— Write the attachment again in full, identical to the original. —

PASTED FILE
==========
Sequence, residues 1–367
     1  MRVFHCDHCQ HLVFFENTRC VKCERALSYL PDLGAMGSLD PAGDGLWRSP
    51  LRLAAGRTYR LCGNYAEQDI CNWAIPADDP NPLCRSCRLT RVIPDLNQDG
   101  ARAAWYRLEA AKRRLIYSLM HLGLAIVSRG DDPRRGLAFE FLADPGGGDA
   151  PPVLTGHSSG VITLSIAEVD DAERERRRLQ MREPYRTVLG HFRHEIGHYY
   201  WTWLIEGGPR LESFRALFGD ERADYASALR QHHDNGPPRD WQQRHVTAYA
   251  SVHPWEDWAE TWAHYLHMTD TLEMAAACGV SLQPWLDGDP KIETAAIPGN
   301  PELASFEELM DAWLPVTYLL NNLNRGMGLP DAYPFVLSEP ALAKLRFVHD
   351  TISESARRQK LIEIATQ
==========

Sequence, residues 1–367
     1  MRVFHCDHCQ HLVFFENTRC VKCERALSYL PDLGAMGSLD PAGDGLWRSP
    51  LRLAAGRTYR LCGNYAEQDI CNWAIPADDP NPLCRSCRLT RVIPDLNQDG
   101  ARAAWYRLEA AKRRLIYSLM HLGLAIVSRG DDPRRGLAFE FLADPGGGDA
   151  PPVLTGHSSG VITLSIAEVD DAERERRRLQ MREPYRTVLG HFRHEIGHYY
   201  WTWLIEGGPR LESFRALFGD ERADYASALR QHHDNGPPRD WQQRHVTAYA
   251  SVHPWEDWAE TWAHYLHMTD TLEMAAACGV SLQPWLDGDP KIETAAIPGN
   301  PELASFEELM DAWLPVTYLL NNLNRGMGLP DAYPFVLSEP ALAKLRFVHD
   351  TISESARRQK LIEIATQ